In my own experience, a couple years ago, I came back during a windstorm to find the legs holding strong as they were well-staked, but the roof structure was starting to pull off the legs... and that roof frame is pretty dang heavy. I managed to get it secured tighter during the storm but it was a nerve-wracking experience that kind of had me jittery for the next 8 hours. Later that night I wandered the playa with a semi-psychotic octagenarian who both mellowed me out and worried me in all-new ways.

Another option is to not modify your canopy at all, but instead replace it with some cheaper tarps or some sort of shade fabric... or just leave it as is and make sure you spend a lot of quality time staking and tying the whole structure. Anyhow, I don't think the suggestion to consider modifications should be scoffed at, as it satisfies a certain enjoyable obsessiveness for some folks. I do understand that some people are looking for a solution that requires the a minimum of work too. I don't think a disaster is likely if you don't do any additional modifications, just something to consider, as I thought about it more after my first year setting it up.

For anyone reading this who is new to eplaya, you should be aware that there is a spectrum of people here ranging from extremely cautious people to extremely reckless people, and some in both camps consider themselves experts based on their own (arguably lucky) experiences. If this thread keeps going long enough, surely the dude who insists that a pop-up canopy is all that is needed is going to show up and mock the people who don't want their structure coming down on someone's head or windshield. The extremely cautious may never know if they have spent too much time and effort making careful preparations, but the extremely reckless sometimes find out really quick that they didn't.

Who knows what will happen where you set up camp? Even though 2010 was pretty calm wind-wise most of the first half of the week, I watched with astonishment from the Lamplighters lounge one afternoon this past year as a huge dust devil tore through what looked like the 4:00ish area over the course of about 30 seconds, seeing a couple of large shade-structure-esque objects get lifted up about 15 feet and dropped. I couldn't tell exactly what was flying around, but it looked kinda big and was moving pretty fast. I mean, personally I feel like it's gonna be okay if my gear gets damaged or broken, I just don't want to be responsible for injuring someone else.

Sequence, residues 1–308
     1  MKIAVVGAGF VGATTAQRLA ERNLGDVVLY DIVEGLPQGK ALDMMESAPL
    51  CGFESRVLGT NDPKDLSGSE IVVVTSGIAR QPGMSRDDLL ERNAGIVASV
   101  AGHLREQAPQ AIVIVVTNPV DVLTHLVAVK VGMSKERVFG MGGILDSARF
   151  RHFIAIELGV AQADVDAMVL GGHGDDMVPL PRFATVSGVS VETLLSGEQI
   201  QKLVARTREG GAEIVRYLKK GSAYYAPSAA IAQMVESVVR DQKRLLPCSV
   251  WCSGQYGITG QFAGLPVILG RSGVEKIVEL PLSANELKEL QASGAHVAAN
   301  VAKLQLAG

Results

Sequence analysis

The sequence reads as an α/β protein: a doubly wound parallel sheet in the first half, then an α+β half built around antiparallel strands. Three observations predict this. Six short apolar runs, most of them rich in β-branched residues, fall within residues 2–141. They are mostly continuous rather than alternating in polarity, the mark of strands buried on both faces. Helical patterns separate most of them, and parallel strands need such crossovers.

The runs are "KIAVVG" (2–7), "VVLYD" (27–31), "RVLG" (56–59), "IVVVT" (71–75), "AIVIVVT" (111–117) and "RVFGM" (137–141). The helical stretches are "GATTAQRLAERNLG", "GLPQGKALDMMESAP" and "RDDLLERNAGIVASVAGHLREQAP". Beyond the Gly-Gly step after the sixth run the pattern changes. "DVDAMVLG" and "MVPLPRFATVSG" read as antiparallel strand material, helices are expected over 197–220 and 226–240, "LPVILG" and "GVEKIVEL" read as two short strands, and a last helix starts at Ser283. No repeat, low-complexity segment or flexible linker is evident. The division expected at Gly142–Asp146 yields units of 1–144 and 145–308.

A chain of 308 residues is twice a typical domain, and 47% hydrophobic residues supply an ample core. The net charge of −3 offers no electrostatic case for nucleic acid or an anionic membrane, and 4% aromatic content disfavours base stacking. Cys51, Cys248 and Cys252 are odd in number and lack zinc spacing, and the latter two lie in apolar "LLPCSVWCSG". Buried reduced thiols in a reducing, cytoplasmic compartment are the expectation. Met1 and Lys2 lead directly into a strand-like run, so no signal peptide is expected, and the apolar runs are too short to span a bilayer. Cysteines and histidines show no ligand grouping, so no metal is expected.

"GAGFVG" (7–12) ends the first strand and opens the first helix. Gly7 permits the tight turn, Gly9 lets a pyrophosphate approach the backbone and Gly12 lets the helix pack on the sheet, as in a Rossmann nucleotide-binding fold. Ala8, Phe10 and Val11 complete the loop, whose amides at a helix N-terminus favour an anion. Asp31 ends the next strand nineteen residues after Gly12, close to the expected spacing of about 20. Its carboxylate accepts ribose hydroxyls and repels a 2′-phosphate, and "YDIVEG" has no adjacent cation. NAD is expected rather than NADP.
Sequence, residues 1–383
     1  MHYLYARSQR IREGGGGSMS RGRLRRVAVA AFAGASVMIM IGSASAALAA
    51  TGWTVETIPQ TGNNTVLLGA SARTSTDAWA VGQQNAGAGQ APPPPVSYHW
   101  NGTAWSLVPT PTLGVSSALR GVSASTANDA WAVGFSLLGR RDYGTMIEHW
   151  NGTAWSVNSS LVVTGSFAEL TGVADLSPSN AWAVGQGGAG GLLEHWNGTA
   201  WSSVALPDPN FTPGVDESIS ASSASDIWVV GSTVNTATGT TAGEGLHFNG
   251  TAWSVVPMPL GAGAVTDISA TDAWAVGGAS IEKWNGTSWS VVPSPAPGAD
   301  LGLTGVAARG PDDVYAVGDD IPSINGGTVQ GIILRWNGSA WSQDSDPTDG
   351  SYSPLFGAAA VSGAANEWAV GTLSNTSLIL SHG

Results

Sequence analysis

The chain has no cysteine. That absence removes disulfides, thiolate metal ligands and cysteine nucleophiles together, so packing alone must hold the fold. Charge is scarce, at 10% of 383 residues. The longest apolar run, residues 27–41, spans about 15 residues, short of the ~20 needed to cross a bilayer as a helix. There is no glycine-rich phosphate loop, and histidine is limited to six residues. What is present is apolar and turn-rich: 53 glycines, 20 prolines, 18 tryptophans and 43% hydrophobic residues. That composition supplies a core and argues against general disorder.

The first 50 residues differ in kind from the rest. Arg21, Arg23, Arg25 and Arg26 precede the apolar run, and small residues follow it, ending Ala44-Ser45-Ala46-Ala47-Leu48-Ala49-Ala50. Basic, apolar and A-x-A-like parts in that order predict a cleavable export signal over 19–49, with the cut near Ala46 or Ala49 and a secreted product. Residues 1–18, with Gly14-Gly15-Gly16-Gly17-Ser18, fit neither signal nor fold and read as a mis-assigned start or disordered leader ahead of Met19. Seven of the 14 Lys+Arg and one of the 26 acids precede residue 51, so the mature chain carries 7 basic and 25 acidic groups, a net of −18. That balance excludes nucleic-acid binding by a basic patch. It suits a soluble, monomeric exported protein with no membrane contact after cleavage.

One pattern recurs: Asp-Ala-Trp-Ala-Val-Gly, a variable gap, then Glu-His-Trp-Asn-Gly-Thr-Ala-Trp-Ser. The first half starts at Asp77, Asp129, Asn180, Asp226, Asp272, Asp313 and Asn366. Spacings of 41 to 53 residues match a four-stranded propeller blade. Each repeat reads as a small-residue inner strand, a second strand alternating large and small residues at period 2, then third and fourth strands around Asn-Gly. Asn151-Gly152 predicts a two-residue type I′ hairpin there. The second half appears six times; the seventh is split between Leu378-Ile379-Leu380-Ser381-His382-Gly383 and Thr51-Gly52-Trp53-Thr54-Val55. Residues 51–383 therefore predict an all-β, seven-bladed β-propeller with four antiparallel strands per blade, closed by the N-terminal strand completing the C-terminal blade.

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Postby theCryptofishist » Wed Jan 05, 2011 12:09 pm

HandJamMasterC wrote:We've used 3 carports put together to form a 20' x 60' tent two years now. They are absolutely bombproof if you set them up like this -

You need -
1 - 10 - 12 foot rachet straps for each exterior support leg, and 2 at corners.
2 - one 24" x 3/8" rebar for each support leg ( or where 2 legs come together if joining multiple carports ). All of them.
3 - one 36" x 1/2" rebar for each rachet strap, and 1" x 5 feet of climbing sling to tie to the rebar ( keeps the rachet strap from getting torn up ).